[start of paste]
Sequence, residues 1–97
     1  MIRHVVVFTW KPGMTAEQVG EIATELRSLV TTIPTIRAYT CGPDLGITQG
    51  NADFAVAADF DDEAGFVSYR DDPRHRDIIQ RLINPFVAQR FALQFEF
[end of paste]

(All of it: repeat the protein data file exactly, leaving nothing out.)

Sequence, residues 1–97
     1  MIRHVVVFTW KPGMTAEQVG EIATELRSLV TTIPTIRAYT CGPDLGITQG
    51  NADFAVAADF DDEAGFVSYR DDPRHRDIIQ RLINPFVAQR FALQFEF